With the latest Tesla Gigafactory under construction in Southeast Travis County, maybe Austin Tesla owners could be next to receive some love with a Tesla eatery.
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In 1987, North and South Austinites put their differences to the test as they met on opposite banks of what was then called Town Lake for an epic tug-of-war competition, where more than a hundred "Bubbas" of South Austin, the so-called "auto parts capital of the world," met with the "Yuppies," who were known by the South as "wine-sipping, quiche-eater pantywaists."
More than 30 years later after the ripped T-shirt Bubbas dragged their suit and tie Northern foes into the water, Lady Bird Lake separates two very different cultures within the capital.
While South Austin is known for its "weird" Austin atmosphere and ties to the music and food culture, North Austin is often viewed as Austin's center for big tech, bigger corporations and swaths of young professionals.
With iconic South Congress and Zilker Park on their side, South Austinites claim to reside in the cultural hotbed of the city, where Austin's reputation as the "Live Music Capital of the World" earns its merit.
Cody O'Dell, a real estate agent and comedian who grew up in Austin, said that his current South Central neighborhood is a lingering remnant of a former Austin.
"I feel like South Central's where you really see the DNA of the city of Austin," O'Dell said. "It embodies that kind of 'Keep Austin Weird' vibe."
Cody O'Dell says South Austin, where he lives, still has a sense of old Austin.
Meanwhile, 24-year-old Matt DeMario, who grew up in Round Rock but has had his taste of many different Austins, is a North Austinite through and through.
DeMario boils the division down to two words: hippie vs. tech. He also said development hasn't transformed South Austin in the same way it has up North.
"One of the interesting distinctions is South Austin hasn't been gentrified, but the North has," DeMario said. "It's the old Austin hippie vibe versus new Austin tech."
Matt Myers is president of the North Austin Civic Association. He has seen his neck of the woods transform around him.
Myers set his roots in Austin more than 30 years ago and bought a North Austin home for $88,000 in 1992. Since then, he's seen large-scale developments including the Mueller planned development and The Domain, a commercial, retail and residential development, bring big business in. He's been around as the North Austin Tech District attracted Samsung, Apple and other corporations. Now, Myer's home is even within walking distance of Austin FC's new Q2 Stadium.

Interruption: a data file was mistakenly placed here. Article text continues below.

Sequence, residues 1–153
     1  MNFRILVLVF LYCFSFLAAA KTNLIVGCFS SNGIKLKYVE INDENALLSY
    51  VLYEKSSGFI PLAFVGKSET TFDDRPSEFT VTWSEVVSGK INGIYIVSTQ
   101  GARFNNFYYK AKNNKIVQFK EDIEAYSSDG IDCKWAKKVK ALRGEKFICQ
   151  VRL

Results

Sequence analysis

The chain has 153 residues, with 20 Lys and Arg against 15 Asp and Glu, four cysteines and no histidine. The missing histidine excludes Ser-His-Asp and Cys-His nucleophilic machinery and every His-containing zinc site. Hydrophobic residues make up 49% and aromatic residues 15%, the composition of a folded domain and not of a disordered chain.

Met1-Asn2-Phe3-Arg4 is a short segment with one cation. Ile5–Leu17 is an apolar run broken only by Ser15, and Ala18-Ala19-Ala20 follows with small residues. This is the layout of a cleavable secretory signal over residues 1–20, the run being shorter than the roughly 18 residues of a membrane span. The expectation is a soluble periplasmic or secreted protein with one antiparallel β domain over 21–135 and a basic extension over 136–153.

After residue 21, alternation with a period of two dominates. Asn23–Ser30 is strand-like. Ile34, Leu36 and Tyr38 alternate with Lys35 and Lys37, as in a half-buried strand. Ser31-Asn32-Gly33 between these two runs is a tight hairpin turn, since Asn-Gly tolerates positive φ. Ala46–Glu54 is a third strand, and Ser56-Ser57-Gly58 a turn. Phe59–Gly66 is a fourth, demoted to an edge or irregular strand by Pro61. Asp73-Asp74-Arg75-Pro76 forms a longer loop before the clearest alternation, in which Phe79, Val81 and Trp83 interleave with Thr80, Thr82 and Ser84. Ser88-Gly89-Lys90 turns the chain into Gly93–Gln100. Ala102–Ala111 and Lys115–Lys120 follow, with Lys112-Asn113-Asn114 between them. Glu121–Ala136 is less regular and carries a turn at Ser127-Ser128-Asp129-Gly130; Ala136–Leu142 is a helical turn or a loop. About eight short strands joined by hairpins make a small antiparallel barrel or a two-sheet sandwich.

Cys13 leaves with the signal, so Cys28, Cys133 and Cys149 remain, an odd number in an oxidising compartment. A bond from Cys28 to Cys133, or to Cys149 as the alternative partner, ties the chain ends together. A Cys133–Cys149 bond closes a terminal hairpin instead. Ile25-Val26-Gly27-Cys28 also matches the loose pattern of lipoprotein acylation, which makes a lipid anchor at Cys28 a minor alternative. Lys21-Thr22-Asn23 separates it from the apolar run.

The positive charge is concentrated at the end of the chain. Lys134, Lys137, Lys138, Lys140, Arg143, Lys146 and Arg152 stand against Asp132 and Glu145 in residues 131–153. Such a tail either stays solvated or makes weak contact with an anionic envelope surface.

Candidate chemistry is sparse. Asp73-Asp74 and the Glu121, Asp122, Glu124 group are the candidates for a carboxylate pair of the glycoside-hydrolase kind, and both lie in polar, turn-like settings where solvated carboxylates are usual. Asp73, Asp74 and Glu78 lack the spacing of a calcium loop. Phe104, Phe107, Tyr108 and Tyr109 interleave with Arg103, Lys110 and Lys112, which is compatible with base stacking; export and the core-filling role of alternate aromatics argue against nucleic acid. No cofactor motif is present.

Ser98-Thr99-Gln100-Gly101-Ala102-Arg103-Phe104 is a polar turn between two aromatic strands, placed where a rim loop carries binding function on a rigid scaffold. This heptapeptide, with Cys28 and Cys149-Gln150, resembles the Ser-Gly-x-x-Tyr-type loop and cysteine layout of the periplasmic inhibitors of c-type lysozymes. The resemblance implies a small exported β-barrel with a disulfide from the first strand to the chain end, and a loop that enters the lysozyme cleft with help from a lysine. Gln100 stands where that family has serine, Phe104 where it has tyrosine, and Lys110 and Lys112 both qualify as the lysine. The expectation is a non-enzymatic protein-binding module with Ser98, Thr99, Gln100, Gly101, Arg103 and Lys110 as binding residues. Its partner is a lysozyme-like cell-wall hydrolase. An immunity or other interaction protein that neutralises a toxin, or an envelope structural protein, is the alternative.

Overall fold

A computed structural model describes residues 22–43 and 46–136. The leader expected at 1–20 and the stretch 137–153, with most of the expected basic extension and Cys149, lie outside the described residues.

Myers planned to leave North Austin when his youngest daughter graduated from high school, but he stuck around because of good neighbors, lighter traffic and great entertainment.
"It's just a very attractive part of town to work in, to live in, to be entertained in," Myers said. "I've really earned a respect for the people who live here that are passionate about our neighborhoods and want to see them improve."
The Domain combines living, working and playing in a sprawling, high-end North Austin city center. (Shutterstock)
River ParkThe controversial River Park development is due to open in phases over the next two decades. (Sasaki)
New developments are crowding South Austin, however, and Myers thinks the South could eventually mirror the North. A Domain-style development, River Park, is in the works on East Riverside as Tesla and Oracle move nearby, and South Congress's new Music Lane is drawing even more interest to the cultural hub. Still, DeMario thinks that development will be skewed North "for the foreseeable future."
O'Dell, who believes The Domain is the "antithesis of what Austin is supposed to be about," doesn't welcome the change.
"I feel like the South is fighting that existential battle with the North over the corporate behemoths' influence of big tech and all the shifts that come with that," O'Dell said. "It's the struggle of Austin to keep its cultural identity."
Both are united on one front, however. Skyrocketing housing prices on both sides of the river are driving people out, and eventually, the North/South division could be between Round Rock and Buda as newcomers leave Austin for less expensive housing.
"Those city vibes... (some people) aren't really interested or care about that," O'Dell said. "They're just looking for affordable living."